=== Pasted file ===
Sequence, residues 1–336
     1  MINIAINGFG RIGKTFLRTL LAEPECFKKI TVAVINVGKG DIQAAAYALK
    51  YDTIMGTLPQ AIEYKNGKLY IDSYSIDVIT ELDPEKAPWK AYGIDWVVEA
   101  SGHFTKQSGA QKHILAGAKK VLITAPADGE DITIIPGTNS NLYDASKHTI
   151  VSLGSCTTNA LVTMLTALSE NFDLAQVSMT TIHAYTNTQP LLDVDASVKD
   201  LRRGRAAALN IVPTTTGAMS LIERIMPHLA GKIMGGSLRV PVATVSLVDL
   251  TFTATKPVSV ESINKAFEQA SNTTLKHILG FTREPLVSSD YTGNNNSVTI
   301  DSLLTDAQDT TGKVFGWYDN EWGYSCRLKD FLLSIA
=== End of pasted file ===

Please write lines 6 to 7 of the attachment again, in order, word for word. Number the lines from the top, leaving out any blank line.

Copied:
   201  LRRGRAAALN IVPTTTGAMS LIERIMPHLA GKIMGGSLRV PVATVSLVDL
   251  TFTATKPVSV ESINKAFEQA SNTTLKHILG FTREPLVSSD YTGNNNSVTI